That was a tremendous night. The climax of Eric Steen's Glasgow Beer and Pub Project, part of the Glasgow International Festival of Visual Art, was a one-night installation turning the Market Gallery into a "pub". The doors opened at 6pm and within half an hour the place was rammed, or hoaching, as we say in Glasgow.
It's not just any pub. All the beer was free, and most of it was made by homebrewers. Around 12 private brewers contributed 20-something different beers, ranging from imperial IPA to Vienna lager. Harviestoun and Williams Bros had also donated beer, and the product of the Pub School brewing demonstration four weeks earlier was being served.
I seem to have lost my copy of the menu, but I remember having Geoff's very chewy Vienna lager and his Rauchbier which was lightly smoky and rather buttery (I quite like that in lager). I also tried a very good hoppy stout which would put plenty of commercial versions to shame.
By 7pm the place was so full that there was a queue forming outside, so we nipped out to Mills Bar down the street for a couple of ironic pints of Tartan Special and Younger's Best. Glasgow is full of extremely unfashionable, but amazingly friendly little pubs like this; it's just a terrible shame that drinking in them almost always means having to consume dreadful beer.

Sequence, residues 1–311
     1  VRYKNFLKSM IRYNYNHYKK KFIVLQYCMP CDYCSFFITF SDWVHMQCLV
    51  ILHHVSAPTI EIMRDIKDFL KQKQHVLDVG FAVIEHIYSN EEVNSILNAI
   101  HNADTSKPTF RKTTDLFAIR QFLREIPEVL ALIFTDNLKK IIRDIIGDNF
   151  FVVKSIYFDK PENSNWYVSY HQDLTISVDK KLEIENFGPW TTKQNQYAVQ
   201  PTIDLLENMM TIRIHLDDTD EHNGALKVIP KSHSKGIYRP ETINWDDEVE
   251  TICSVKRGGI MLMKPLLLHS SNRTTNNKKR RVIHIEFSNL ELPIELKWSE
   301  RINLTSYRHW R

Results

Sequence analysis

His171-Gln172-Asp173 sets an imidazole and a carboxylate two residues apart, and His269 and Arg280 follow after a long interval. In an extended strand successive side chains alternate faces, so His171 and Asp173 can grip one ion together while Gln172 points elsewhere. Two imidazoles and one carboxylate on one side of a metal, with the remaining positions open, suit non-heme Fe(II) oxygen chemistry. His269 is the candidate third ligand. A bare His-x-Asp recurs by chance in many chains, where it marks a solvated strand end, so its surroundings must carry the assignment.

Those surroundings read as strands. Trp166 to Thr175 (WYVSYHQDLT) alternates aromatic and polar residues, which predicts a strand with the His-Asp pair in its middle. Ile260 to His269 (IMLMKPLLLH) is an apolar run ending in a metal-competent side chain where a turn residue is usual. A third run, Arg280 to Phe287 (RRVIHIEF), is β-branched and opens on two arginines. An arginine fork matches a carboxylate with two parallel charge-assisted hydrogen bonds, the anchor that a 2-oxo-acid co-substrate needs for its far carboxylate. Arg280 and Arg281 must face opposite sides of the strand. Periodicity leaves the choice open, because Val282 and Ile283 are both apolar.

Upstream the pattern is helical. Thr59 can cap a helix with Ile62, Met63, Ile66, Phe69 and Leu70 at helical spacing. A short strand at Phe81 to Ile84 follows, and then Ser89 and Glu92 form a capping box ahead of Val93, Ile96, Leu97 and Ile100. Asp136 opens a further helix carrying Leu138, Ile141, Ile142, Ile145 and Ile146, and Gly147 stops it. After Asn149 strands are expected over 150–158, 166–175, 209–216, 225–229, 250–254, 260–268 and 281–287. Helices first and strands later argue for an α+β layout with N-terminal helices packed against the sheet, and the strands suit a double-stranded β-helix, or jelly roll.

Back to the gallery, and it was already clear that the event was a triumph. Even though the venue had no toilet and people had to walk 50m up to the office to queue for the loo, it worked. The volunteer bar staff were working hard pouring beers. All the crowd — art students, CAMRA types, brewing professionals, cyclists and hipsters — seemed to be having a great time.
It was also a tickers' paradise. Part of the fun in tickers' pubs is when a new beer comes on and you have one of the first pints. This was even better, as only ten of the beers were being served at any one time, so there was something new literally every time you went to the bar. Rare stuff you'll never see again, too; most of these beers are not available in any shops, as they used to say on the K-tel adverts.
With an hour to go it got exciting as the beer started to run out. Each beer had a little wooden sign and the bar staff crossed them out as they were finished. We ended up with a full pub at closing time and still with beer to spare. It was amazing. Let's do it again next year.
It was still only 10pm, so a bunch of us headed down to West for a nightcap. The long-awaited Kölsch was finally ready and it's great. More perfumey and aromatic than most Cologne versions, but recognisably a Kölsch and closer than most attempts brewed outside Nordrhein-Westfalen. Mitchell Krause American Pale Ale was a decent effort, with all the right elements but somehow less than the sum of its parts. I'll give it another go next time I see it though.